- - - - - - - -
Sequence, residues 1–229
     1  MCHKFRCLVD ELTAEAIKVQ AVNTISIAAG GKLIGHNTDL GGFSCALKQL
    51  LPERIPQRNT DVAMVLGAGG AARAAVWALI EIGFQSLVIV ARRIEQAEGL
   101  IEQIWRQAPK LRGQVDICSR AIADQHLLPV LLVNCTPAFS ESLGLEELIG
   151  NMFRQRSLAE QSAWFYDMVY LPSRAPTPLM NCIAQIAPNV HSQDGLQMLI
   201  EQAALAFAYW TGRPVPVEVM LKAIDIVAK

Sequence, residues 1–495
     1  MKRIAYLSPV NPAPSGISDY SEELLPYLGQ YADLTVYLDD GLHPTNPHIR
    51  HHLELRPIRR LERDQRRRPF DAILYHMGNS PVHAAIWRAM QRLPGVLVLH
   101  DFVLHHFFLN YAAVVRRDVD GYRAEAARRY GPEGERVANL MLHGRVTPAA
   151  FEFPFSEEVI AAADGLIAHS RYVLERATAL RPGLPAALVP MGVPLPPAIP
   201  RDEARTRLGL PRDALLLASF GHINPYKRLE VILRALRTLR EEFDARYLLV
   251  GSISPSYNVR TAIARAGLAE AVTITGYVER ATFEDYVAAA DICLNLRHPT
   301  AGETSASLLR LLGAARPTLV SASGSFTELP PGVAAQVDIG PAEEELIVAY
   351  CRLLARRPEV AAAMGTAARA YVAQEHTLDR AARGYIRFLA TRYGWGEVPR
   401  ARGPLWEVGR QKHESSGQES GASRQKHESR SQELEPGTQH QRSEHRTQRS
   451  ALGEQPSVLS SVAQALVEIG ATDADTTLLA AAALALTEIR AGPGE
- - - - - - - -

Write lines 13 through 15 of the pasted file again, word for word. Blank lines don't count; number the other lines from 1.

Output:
   251  GSISPSYNVR TAIARAGLAE AVTITGYVER ATFEDYVAAA DICLNLRHPT
   301  AGETSASLLR LLGAARPTLV SASGSFTELP PGVAAQVDIG PAEEELIVAY
   351  CRLLARRPEV AAAMGTAARA YVAQEHTLDR AARGYIRFLA TRYGWGEVPR